While typesetting a German text, my typesetting program did something strange: my typed

[lots of text] Rechnernetze und -verbunde

was typeset as

[lots of text] Rechnernetze und -


The reason for such a typesetting is that the end of the line has been reached right after the hyphen "-". My question is whether this typesetting is correct from the viewpoint of the German language or whether I have to force my word processor to something else. If we do something else, would hyphenating "-verbunde" at other positions be correct, such as in

[lots of text] Rechnernetze und -verbun-


or in

[lots of text] Rechnernetze und -ver-



  • 1
    I'm voting to close this question as off-topic because I think this is a technical issue of your typesetting software that might appear with any text in any language. I don't think that this is a problem of German language. Mar 30 '18 at 6:25
  • 8
    The problem is technical but the question is whether this might be correct in German so I think this qualifies as a language-related question.
    – RHa
    Mar 30 '18 at 8:52
  • Side note: you write *verbunde", but it should be *verbünde" with u-Umlaut. Unless, of course, you have this mistake in your source and you wanted to cite it literally including the mistake. In that case you could add "[sic]" to indicate that you are aware of the mistake but decided to not correct it. Mar 31 '18 at 9:45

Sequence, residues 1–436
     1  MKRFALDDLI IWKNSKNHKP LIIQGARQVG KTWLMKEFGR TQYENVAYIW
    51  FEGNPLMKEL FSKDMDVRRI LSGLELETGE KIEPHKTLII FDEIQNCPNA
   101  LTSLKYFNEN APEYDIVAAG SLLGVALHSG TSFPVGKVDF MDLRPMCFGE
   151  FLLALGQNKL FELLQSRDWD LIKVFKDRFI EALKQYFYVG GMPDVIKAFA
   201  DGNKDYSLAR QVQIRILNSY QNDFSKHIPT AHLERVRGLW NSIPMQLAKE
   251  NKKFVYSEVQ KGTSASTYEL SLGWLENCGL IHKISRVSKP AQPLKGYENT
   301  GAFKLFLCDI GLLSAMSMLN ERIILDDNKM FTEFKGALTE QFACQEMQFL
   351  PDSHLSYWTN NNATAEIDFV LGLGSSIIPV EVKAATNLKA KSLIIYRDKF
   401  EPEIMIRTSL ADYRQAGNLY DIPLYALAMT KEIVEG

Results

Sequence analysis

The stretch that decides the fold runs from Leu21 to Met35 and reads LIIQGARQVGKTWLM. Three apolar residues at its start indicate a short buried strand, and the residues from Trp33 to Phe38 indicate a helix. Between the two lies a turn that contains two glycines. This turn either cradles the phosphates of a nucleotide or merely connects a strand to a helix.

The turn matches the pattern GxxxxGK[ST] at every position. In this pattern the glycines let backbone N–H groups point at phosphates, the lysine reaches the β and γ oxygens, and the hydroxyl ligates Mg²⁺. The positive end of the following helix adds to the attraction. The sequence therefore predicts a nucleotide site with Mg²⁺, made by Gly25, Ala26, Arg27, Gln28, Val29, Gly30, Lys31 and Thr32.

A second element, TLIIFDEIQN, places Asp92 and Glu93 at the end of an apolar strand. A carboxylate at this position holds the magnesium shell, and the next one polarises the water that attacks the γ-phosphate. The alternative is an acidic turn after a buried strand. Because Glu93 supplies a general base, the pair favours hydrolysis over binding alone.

• @ChristianGeiselmann Duden says both are ok.
    – user32430
    Mar 31 '18 at 20:41

From the viewpoint of the German language orthography, the hyphen must be attached to the word, that is, it needs to go on the next line. And from the viewpoint of German language typography, it should be a proper hyphen.

Technical side-note: You can maybe force your software not to break the line after the hyphen by using the Unicode Character ‘NON-BREAKING HYPHEN’ (U+2011): “‑”.


Force your typesetter to keep hyphen and word together in the next line.

Maybe try other dashes instead of the hyphen. The Non-Breaking Hyphen is the best choice, but not available with all fonts; in this case the Figure Dash or the En Dash could work technically without looking too odd.

  • 3
    Forcing hyphen and word together is good but using the en-dash, which is nearly 2 times as long as the hyphen, can’t be a solution to the problem!
    – Devon
    Mar 30 '18 at 9:25
  • 1
    @Devon Thanks for the hint. Often I see Em Dashes used in such situations (with a little help from MS Word maybe) and that looks much stranger than the En Dash. The Figure Dash might be a better option. The Non-Breaking Hyphen would be the best choice, but not all fonts include it. Mar 30 '18 at 15:44

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